Housing (un)affordability: Is social housing a moral imperative?

In the decades immediately following the Second World War, social housing played a number of crucial roles in the task of economic and civic reconstruction.

But it wasn't long, particularly in the United States and Britain, before the dream of social housing ran onto hard times. Modest, low-set terraces with small private gardens were replaced by hulking brick cuboids in the U.S. and raw-concrete tower blocks in the UK - of which Grenfell Tower is a notorious example. These inhospitable, often inhumane spaces soon became seedbeds of illicit activity, dysfunction and desperation. Not only did this destroy the sense of solidarity and common care that social housing was meant to foster, it stigmatised social housing itself.

In a time of widening inequality, when housing is for so many out of reach due to brazen rent-seeking and mercenary forms of investment, two urgent questions present themselves: Is the presumption of universal home-ownership a thing of the past? Is it time to reclaim social housing as a moral imperative? If so, will this not simply further entrench the uneven distribution of capital? Can social housing be stripped of both its stigma and its anti-social connotations?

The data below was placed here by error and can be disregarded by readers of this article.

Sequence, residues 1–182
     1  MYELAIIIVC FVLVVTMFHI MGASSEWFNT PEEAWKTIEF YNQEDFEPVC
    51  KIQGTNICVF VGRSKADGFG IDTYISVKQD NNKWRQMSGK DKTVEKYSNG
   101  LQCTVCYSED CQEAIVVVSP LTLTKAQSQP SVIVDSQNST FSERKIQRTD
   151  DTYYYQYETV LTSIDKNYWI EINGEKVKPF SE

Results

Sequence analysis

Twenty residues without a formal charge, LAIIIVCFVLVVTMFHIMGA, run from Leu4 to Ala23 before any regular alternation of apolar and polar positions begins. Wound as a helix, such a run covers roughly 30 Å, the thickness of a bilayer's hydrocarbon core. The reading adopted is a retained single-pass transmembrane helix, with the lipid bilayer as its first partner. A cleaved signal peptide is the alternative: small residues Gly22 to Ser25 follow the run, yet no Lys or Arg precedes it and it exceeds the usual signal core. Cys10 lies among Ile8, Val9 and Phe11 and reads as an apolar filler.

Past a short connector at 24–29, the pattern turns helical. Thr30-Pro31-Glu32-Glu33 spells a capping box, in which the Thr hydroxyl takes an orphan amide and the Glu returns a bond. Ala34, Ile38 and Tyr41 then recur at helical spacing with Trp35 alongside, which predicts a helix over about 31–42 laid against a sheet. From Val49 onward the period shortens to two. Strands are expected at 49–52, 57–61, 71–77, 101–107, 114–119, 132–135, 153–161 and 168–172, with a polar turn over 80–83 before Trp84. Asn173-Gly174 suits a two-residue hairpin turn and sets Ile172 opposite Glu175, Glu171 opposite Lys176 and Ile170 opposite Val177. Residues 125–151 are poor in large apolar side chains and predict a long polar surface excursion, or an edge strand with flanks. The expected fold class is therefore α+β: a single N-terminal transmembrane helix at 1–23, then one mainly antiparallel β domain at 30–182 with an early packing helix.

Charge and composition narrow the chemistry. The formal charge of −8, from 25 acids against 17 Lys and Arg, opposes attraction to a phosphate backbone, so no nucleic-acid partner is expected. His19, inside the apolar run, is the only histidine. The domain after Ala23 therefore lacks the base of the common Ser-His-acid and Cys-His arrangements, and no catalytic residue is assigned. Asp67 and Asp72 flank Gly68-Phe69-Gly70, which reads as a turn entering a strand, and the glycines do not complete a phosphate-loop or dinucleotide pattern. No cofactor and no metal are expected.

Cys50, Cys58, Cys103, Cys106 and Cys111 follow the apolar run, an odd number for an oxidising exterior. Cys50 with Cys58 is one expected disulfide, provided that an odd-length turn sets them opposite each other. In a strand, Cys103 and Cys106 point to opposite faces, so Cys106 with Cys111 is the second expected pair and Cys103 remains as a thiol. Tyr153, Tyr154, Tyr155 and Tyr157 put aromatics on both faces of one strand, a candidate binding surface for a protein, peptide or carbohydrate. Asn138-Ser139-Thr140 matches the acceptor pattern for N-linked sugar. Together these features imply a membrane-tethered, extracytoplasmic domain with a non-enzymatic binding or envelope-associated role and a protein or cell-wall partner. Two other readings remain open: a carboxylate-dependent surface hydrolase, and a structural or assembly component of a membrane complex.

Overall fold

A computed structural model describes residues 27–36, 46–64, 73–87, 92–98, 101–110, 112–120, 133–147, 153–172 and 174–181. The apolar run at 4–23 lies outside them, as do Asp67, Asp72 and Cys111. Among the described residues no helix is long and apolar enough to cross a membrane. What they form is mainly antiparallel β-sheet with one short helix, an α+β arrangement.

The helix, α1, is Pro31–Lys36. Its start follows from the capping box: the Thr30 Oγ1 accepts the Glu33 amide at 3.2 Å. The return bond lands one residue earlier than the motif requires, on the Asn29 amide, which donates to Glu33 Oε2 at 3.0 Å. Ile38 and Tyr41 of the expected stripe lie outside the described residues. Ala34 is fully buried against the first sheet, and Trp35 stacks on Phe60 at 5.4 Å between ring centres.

Listen to A/Professor Bec Bentley, Scott Stephens and Waleed Aly discuss the complexities of social housing, policy and and home ownership here